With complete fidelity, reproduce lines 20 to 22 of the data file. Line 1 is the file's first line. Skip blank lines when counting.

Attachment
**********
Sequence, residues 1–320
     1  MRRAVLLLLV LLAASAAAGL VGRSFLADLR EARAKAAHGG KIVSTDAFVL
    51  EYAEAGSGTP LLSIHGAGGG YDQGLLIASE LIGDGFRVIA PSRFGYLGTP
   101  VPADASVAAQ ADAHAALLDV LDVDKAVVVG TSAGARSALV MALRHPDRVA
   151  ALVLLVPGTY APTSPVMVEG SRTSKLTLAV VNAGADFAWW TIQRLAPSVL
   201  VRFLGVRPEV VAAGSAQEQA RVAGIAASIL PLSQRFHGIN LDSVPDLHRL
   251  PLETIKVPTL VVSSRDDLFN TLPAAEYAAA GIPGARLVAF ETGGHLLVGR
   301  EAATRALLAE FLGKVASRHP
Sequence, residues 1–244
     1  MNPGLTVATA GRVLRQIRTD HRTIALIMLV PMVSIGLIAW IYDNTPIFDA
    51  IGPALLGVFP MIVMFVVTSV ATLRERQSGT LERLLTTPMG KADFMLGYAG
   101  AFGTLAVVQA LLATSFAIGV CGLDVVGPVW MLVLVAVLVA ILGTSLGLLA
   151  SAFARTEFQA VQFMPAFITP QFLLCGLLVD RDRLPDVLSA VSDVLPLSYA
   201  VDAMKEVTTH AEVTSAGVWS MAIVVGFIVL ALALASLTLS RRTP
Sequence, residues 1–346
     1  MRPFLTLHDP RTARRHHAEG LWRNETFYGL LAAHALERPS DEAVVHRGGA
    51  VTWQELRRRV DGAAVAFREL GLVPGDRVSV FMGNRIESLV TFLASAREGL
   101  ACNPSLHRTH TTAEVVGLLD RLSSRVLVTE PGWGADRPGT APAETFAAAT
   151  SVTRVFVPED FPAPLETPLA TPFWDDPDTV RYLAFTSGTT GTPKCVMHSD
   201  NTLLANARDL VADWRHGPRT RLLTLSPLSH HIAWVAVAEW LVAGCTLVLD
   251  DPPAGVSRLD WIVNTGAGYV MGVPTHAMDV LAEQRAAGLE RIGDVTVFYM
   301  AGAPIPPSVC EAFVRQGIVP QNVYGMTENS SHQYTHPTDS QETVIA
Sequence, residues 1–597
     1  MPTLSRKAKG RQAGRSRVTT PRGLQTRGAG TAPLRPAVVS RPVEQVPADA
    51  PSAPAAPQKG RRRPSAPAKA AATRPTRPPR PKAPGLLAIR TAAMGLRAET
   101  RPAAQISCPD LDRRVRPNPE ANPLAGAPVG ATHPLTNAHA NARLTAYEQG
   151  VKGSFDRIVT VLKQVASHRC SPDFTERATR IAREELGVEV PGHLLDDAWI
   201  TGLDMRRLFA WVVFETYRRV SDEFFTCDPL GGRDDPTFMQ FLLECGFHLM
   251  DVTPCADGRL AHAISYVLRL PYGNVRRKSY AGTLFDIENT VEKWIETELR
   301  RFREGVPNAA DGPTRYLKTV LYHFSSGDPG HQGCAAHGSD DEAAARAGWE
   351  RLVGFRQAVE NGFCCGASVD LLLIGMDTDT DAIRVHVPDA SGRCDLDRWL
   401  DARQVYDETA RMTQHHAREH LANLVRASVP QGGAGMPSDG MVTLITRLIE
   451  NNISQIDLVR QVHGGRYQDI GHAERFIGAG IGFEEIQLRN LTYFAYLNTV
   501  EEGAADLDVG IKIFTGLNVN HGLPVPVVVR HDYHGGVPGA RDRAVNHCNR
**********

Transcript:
   201  NTLLANARDL VADWRHGPRT RLLTLSPLSH HIAWVAVAEW LVAGCTLVLD
   251  DPPAGVSRLD WIVNTGAGYV MGVPTHAMDV LAEQRAAGLE RIGDVTVFYM
   301  AGAPIPPSVC EAFVRQGIVP QNVYGMTENS SHQYTHPTDS QETVIA